Youth 2000 Offers Formation Programs for Young People at Dublin Congress

National Leader in Ireland Speaks About Reconciliation, the Eucharist

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By Ann Schneible

DUBLIN, Ireland, JUNE 19, 2012 ( Missionaries for Youth 2000 took part in the 50th International Eucharistic Congress (IEC) in Dublin last week, contributing to many of the various youth formation programs throughout the event. Throughout the congress, young people have had the opportunity to hear catechesis from various Church leaders, participate in praise and worship, and receive the sacraments.

Youth 2000 Ireland has been closely involved with the organization of the IEC’s youth program, having sat in on the planning committee.  Among the various events organized by Youth 2000 were an evening of reconciliation at the Royal Dublin Society’s Youth Space, and 60 hours of Adoration, held at Saint Theresa’s Church near the city center of Dublin.

James Mahon, National Leader of Youth 2000 Ireland, spoke with ZENIT about ministering to young people, especially during the IEC. “This is the first time there’s been a youth program in a Eucharistic Congress,” he said, “so it’s a very positive thing, and a step in the right direction in Ireland.”

In addressing the needs of young people in Ireland, Mahon explained, it is first necessary to realize that what young people need is Jesus. “We have a duty to go out and communicate the truth of our Catholic faith to them,” he explained. “I think there can be a habit due to the current culture to want to dilute the message, but I think we have to get out there, and give them the orthodox message of our Church, the beauty of our Church, but dynamic orthodoxy.”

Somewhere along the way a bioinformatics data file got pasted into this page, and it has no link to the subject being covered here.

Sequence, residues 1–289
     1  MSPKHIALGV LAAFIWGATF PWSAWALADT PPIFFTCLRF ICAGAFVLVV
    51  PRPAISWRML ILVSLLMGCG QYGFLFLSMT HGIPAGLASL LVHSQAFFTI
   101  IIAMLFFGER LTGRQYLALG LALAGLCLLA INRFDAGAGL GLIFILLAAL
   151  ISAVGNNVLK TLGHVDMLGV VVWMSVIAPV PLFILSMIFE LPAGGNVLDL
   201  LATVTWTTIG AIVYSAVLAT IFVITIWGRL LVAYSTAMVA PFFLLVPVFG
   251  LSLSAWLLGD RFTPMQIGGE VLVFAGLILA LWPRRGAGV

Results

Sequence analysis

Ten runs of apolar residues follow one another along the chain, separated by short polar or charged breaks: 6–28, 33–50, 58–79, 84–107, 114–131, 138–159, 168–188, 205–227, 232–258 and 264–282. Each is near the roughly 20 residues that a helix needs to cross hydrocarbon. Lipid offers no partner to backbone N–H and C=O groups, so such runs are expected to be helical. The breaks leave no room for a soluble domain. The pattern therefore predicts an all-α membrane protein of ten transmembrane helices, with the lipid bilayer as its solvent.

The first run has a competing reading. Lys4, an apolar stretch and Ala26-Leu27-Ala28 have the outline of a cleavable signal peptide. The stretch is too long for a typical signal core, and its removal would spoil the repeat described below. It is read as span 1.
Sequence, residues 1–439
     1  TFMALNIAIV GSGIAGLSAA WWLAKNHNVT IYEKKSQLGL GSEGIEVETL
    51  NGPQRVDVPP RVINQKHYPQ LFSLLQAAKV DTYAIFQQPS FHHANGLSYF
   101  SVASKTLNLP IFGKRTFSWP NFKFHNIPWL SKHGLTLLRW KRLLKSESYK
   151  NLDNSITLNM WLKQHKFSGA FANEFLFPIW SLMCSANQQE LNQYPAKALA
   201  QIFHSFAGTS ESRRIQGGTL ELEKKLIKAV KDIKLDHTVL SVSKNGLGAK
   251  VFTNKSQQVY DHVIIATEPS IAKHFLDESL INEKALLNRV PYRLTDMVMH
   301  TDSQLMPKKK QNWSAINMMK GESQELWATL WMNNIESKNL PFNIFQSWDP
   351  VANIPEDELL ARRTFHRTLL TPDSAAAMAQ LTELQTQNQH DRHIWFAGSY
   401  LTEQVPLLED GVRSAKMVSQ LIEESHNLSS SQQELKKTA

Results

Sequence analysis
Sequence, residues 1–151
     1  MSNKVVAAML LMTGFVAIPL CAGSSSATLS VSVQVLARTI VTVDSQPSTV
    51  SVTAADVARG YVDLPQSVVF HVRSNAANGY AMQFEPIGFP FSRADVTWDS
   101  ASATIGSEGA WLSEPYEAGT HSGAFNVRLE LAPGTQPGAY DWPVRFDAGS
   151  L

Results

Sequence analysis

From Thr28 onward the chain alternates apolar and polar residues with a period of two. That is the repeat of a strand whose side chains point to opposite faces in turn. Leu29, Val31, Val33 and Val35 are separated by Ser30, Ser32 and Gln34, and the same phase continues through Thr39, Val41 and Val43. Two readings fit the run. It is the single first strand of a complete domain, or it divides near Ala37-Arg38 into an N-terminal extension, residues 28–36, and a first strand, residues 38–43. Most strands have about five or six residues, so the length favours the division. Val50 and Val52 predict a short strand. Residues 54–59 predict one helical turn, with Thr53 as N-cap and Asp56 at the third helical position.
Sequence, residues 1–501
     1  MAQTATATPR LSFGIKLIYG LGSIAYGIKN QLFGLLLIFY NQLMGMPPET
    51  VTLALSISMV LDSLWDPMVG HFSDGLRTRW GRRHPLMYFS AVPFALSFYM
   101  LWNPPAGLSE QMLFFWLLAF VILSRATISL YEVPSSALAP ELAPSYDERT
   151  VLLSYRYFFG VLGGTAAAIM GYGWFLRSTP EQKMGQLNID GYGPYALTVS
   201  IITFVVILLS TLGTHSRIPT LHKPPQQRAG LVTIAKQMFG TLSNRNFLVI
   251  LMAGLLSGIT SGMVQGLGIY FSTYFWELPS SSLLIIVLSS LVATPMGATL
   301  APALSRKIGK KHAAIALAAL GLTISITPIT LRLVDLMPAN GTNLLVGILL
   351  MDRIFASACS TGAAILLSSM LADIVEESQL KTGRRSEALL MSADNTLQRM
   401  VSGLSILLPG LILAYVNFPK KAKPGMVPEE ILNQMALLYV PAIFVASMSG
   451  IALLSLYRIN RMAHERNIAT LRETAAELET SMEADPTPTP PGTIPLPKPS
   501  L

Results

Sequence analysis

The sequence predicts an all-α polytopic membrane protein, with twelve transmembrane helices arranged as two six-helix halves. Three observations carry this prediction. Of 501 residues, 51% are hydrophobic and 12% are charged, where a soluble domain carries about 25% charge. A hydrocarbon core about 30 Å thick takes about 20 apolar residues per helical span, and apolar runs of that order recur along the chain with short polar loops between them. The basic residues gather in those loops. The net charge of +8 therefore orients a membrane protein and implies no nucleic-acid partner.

“The truth always resonates [with us] because we’ve been made for God,” he said. “We should not be afraid to communicate the truth, but be creative, and be bold in doing it.”

The sacrament of reconciliation

One of the highlights of the IEC’s youth program was an evening of reconciliation, which was held on Thursday. The event included praise and worship music, catechesis, Eucharistic Adoration, and the opportunity to go to confession.

Confession, Mahon explained, is a source of healing and freedom. “I wasn’t always in my faith,” he said. “I came back to my faith about seven years ago when I’d just come out of university. And what I discovered, as a young person trying to walk on the road, and trying to discover the Lord’s will in my life, is that whenever I fell, I could get up, and I could go to confession, and I could start again.”

“If only people realized how powerful confession is, and how it’s actually about healing. Christ not only wants to take our sin away, but He wants to come and put His healing hand in the place that once hurt us, so we’re more fully ourselves afterwards.”

“Sometimes people think it’s about God condemning us; it’s the opposite. If we’re truly honest, and we understand the sacrament, it can be life-changing.”

The Eucharist

What young people can receive from this, and all of the events of the IEC, which is centered around the Eucharist, Mahon said, “is [certainty] that they’re loved.”

“Why did Jesus come as bread?” Mahon said, quoting Youth 2000 national spiritual director Father John Harris, who offered reflections to the young people participating in the evening of reconciliation. Jesus came as bread, he explained, “because He wanted to love us from the inside.”

“He has a great plan in store for [the young people’s] lives, and He wants to love them… He wants them to know him personally.”

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